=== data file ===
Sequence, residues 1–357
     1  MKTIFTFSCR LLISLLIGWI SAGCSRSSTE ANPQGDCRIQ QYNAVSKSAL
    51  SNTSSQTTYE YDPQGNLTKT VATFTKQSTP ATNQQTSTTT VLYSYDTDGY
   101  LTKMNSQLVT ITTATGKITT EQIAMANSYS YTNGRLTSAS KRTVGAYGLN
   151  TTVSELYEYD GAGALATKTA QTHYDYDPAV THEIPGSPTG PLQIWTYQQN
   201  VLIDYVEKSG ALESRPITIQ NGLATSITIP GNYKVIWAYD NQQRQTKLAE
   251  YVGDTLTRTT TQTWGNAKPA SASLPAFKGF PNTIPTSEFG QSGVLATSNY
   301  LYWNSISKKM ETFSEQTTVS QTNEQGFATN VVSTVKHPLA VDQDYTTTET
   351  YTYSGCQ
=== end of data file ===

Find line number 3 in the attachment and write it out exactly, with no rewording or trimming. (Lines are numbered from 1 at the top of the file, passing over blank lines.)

    51  SNTSSQTTYE YDPQGNLTKT VATFTKQSTP ATNQQTSTTT VLYSYDTDGY